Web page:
Friday, December 30, 2011

Early Review of Horizon (Aftertime, #3) by Sophie Littlefield

We've all got our burdens to bear. Some are worse than others. So is the case with Cass. In the Before time, Cass struggled with both an alcohol and sexual addiction. Sexually abused by her stepfather for years, she was just overcoming her addictions and coming to terms with what happened to her when the apocalypse hit. In 'Aftertime', she seemed to be recovered, but relapses are sometimes part of the course to recovery. While she didn't sink as low as she did in the Before time, Cass will need to meet her inner demons full on, and this time do it not just for her daughter. She'll need to do it for herself.

At the end of 'Rebirth', Cass and Dor managed to rescue both Smoke and Sammi from the Rebuilders. The rescue had landed everyone in a new predicament. They found themselves at the mercy of a new group of survivors whose status--friendly or hostile--was unknown. Thankfully the group, who lived in a settlement called New Eden, was well organized and welcomed them into their midst.

In 'Horizon', Cass will need to come to terms with what Smoke did and whether or not she can forgive and forget. Plus, the relationship is further complicated by what happened between her and Dor. She'll have to decide if Smoke truly is the man for her, but before that can happen, Smoke will need to come out of the coma he fell into. 'Horizon' starts up two months after 'Rebirth' left off and the Beaters are becoming smarter and their attacks more organized. Just as everyone is starting to feel like things are starting to get back to some sort of normalcy, that false feeling of security is blown to bits as the survivors are forced to run once again for their lives.

I truly love this series, and if this truly is the last book, I will be extremely sad. I love how the book was nothing like I expected and the emotional connection to the characters was so real. The threat of becoming a Beater is still a constant threat either by the bite of a Beater or the eating of blueleaf which still creeps into the gardens of the survivors.

Cass, as I stated before, has fallen off the wagon. Hurt by Smoke's betrayal and trying to deal with the fact he's in a comma, she's reverted to some of her old bad habits. She's begun drinking again, and the affair that she and Dor were supposed to end once their rescue mission was complete is still going on in secret. Cass has slowly reverted into herself and is becoming withdrawn. In 'Aftertime', she worried what she'd done in those lost days between when the Beaters dragged her off and the day she found herself aimlessly wandering on her own. That is something that still haunts her thoughts and is yet another thing that drives her to drown out some of her pain at the bottom of a bottle. In 'Horizon', we finally find out what events took place in that blocked out time period. Plus, we find out what happened to her real dad, the one who left her and her mother all those years ago.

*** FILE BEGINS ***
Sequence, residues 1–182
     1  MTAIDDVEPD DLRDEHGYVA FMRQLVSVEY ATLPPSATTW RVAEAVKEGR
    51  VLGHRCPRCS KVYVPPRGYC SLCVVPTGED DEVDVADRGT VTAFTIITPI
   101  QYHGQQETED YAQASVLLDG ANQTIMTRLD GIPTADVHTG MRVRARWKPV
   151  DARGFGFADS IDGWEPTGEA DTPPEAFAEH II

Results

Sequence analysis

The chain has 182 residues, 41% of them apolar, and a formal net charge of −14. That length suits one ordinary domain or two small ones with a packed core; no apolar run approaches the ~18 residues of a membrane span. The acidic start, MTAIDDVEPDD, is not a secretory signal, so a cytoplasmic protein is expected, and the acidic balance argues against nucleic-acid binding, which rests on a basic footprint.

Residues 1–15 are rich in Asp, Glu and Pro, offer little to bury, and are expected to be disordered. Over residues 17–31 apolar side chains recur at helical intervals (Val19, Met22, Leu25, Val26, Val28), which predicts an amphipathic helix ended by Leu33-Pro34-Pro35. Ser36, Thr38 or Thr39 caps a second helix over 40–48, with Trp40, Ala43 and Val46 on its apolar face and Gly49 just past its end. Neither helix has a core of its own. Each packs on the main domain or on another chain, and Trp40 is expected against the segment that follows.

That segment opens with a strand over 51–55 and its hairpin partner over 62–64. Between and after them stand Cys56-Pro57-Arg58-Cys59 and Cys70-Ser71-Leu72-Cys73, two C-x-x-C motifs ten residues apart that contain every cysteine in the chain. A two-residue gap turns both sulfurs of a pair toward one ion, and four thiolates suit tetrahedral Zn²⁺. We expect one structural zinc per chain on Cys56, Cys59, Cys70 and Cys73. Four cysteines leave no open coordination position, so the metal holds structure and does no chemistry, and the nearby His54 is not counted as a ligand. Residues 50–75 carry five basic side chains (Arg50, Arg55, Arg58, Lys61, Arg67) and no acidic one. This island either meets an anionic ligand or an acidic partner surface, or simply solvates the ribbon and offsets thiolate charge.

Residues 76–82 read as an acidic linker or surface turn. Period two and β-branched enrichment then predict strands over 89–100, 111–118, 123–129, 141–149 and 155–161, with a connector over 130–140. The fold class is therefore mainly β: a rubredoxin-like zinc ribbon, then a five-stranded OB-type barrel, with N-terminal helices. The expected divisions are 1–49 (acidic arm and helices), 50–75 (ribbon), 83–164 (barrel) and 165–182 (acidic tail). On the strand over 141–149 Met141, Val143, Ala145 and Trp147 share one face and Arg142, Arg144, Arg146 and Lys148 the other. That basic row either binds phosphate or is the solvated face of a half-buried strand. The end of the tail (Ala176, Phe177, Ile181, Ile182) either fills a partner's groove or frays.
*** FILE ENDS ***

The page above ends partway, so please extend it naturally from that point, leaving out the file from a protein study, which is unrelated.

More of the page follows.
There is so much going on in this book. New Eden is very different from the Box and Cass has a hard time adjusting. I think she's filled with guilt and self loathing and just feels like her life is out of control. The only thing that keeps her even remotely grounded is her daughter Ruthie. I love how in this book we don't only see how Cass is affected, but how the teens such as Sammi are as well. There is a lot of action and many twists, turns and surprises I didn't see coming. I loved this one as much as the first book in the series.

Why is the book titled 'Horizon'? Well, while there are several mentions of the horizon in the book, none of them truly seem to define the title. If I had to take a stab at why 'Horizon' was picked as a title, I would have guessed it was because Cass and the rest of New Eden are traveling East toward the horizon. Plus, if you look up the definition of horizon one of its definitions is 'range of perception or experience' and the perception of those from New Eden is that the East is what holds the best chance of survival. Yet, the true answer as to why the title was picked lies in the official book synopsis where it's stated, 'But she, and all of the other survivors, will fight to the death for the promise of a new horizon….' Thereby, they're looking for a new beginning like the dawn of a new day which incidentally, starts in the east with the rising of the sun and can be noted on the Horizon. I'm loving the title.

I felt it had a great blend of action and drama. If you love the series so far, I doubt you'll be disappointed. This one focused so much more on the main story then on the romance, even though there is romance intertwined throughout, that I'm opting not to rate it on my romance rating scale. Overall, this book gets 5 out of 5 roses.

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